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Academic year: 2022



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By Paula Miraglia

A detailed study by Paula Miraglia traces the complex relationships between crime, spatial segregation and quality of life in the centre and the periphery.

Violence and therefore safety – as themes and elements of social configuration – play a major role in the construction and characterisation of Brazil’s major urban centres. Since the 1980s, marked increases in urban crime alongside the emergence of democratic openness and urbanisation have transformed Brazil’s cities. The proliferation of robberies, thefts, kidnappings and violent deaths has promoted criminality and a consolidation of fear and insecurity as commonplace characteristics of urban life. Murder rates in the country’s capitals have grown significantly, especially among adolescents between 15 and 24 years old. While the average rates for the entire population remained stable between 1980 and 2002, ranging from 21.3 to 21.7 for every 100,000 inhabitants, those among young people skyrocketed from 30 to 54.5. In São Paulo, violence today conjures two opposing trends: while in the 1980s and 1990s a systematic increase in murder rates scared the city (in 1999 the rate was 43.2), both the state and the Metropolitan Region benefited from a significant reduction over the last six years, so that by 2005 the murder rate had already dropped to 22.

São Paulo, with a rate now lower than the national average and that of Recife, Vitoria or Rio de Janeiro, presents itself as a genuine exception. For although violence remains a constituent part of the city’s configuration, especially with regards to its recent history, the city has nonetheless established new patterns of sociability that allow for a renewed understanding of the city and its public and private spaces. This understanding and subsequent use patterns influence the city’s spatial and architectural configuration as well as the opposition between centre and periphery. At the same

time, the reduction of murders entails a reflection on the strategies involved in the process of confronting a violent sociability and also signifies broader trends related to concepts of violence and safety.

Despite the constant reduction in murder rates, neither academics nor policy makers have been able to form a consensus about its causes. The reduction has been attributed to an extensive and varied set of factors: state interventions such as the improvement of management policies (for example the creation of INFOCRIM, an electronic database that facilitates communication between the city’s various police districts to produce an overall mapping of crime statistics) and increased investigative police activity; the work of non- governmental organisations and community engagement in the most violent areas; policies such as the ‘dry law’ in some municipalities; reduced availability of firearms;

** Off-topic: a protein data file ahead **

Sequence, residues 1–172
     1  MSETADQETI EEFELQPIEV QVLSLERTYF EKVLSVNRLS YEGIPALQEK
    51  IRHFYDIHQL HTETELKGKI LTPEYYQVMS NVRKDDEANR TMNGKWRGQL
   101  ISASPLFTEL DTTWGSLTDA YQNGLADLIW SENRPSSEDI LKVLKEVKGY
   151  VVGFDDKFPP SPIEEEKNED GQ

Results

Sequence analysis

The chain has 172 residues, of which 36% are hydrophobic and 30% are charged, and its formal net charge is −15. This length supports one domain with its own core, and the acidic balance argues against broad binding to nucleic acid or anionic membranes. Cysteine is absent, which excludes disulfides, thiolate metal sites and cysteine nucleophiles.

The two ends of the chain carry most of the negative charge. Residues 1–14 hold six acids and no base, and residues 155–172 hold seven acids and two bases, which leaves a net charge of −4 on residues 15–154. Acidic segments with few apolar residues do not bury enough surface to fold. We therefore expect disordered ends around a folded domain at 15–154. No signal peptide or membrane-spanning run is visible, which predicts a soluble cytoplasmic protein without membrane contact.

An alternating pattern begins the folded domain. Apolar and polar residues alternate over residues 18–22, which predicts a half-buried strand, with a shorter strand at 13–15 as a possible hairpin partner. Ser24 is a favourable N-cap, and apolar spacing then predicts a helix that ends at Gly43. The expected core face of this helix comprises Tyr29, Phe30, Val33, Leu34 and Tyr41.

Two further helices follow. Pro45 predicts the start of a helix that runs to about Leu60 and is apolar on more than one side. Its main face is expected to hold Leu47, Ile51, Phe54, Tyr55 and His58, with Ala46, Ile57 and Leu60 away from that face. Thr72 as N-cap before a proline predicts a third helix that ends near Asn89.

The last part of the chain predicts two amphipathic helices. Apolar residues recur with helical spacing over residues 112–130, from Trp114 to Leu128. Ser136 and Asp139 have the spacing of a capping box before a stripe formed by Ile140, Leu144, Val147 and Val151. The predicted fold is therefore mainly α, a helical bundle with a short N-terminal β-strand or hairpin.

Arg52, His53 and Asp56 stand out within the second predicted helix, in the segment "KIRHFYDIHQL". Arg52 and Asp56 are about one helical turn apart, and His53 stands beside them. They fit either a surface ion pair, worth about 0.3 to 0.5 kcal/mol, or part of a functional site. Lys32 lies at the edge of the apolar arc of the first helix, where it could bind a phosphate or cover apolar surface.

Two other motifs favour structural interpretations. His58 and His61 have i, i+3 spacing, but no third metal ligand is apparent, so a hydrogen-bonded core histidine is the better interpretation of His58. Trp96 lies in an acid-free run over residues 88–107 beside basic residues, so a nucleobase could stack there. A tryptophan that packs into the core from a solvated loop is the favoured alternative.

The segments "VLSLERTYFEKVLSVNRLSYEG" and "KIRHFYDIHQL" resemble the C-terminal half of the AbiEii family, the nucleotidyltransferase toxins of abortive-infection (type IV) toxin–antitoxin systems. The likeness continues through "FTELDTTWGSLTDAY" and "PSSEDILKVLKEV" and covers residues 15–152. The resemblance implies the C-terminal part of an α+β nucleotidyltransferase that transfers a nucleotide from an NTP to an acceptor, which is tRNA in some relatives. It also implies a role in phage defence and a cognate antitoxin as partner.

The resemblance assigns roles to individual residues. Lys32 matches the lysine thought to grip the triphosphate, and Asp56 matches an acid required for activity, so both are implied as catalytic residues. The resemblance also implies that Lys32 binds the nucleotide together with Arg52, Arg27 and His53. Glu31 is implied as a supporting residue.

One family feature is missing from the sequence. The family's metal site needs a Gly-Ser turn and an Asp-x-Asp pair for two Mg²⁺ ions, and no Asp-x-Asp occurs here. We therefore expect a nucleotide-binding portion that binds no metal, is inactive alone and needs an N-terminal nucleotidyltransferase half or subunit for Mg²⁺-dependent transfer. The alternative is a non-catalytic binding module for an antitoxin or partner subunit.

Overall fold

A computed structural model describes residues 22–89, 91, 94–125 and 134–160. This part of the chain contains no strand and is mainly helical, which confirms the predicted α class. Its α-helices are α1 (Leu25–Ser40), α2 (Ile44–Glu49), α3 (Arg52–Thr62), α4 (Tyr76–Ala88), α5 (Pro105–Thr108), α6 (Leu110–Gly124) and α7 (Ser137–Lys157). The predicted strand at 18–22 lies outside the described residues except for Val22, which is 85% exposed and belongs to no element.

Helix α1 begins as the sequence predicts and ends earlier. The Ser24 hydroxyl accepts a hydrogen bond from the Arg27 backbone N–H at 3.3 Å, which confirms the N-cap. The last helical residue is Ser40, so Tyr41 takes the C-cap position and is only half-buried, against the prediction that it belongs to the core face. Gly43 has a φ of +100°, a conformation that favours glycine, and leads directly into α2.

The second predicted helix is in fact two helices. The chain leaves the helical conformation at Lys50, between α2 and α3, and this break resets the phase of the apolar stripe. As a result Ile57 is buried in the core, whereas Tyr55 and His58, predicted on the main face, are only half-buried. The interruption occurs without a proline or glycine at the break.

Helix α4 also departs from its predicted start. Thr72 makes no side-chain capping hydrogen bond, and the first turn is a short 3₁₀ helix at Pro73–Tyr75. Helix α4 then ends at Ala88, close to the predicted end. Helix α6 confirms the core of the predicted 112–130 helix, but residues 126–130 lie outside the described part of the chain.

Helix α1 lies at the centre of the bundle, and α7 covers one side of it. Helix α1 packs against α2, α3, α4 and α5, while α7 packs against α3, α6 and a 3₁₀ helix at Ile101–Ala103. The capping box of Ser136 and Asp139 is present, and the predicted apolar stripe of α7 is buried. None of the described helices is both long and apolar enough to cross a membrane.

demographic changes in the state and other parts of the country over recent years; and even the rise of Evangelism in the suburbs.

The justifications alternate depending on who constructs the explanatory narrative, with each proposed cause subject to ongoing research and controversy regarding its relevance and effectiveness. Even so, besides the multiple causes of violence, an important battle in the political and institutional arena is taking place over the factors creating the supposed increase in safety and the different ways of confronting it. Which is the best strategy: prevention or suppression? Must safety be a subject that is primarily the responsibility of the police, or does it deserve the attention of other areas of public policies such as urbanism, health or education? If we add safety and violence to the top metropolitan problems –


contrary to transport, flooding and pollution, the city’s other major challenges – solutions are typically not addressed through urban interventions. In the face of violence and insecurity, typically resources emanate from the criminal justice system, the police force, or other repression apparatuses. This equation shows a failure: originally, safety is a problem of the city, but not for the city. The metropolis assumes a secondary role in formulating policies for the prevention and confrontation of violence, as it is unable to actively participate in changes that promote safe spaces for living and social interaction.

However, an analysis of São Paulo shows how a district, as a place of transformation as well as physical and social interaction, plays a key role in these processes.

Mapping the types of safe spaces in different neighbourhoods can reveal the unequal distribution of violence in the city. The concentration of murders, along with other violent crimes against life, in the suburbs demonstrates how São Paulo practises an uneven risks economy. Territorial analysis also allows a deeper understanding of how the city deals with the issue of safety: which are the strategies of each district or region?

What are the consequences of each option or arrangement? What is their potential for universal application? And finally, what is the impact on the city’s sociability and the life of its inhabitants?

Mapping the heterogeneity of social expressions in an apparently homogenous area in socio-demographical terms allows the differentiation of forms which define the ‘periphery’. Research developed by the Centre for Metropolitan Studies (CEM) of four areas in São Paulo – Jardim Paulista in the centre, Cidade Tiradentes in the East, Jardim Ângela in the South and Vila Nova Cachoerinha/Brasilândia in the North – has revealed various conditions of poverty within the same area. To distinguish between them, the studies considered social group characteristics, combining variables associated with income, education, unemployment, access to urban infrastructure and race or ethnicity. From these isolated indicators, it was possible to make a detailed description of the distribution of such social groups and their living conditions.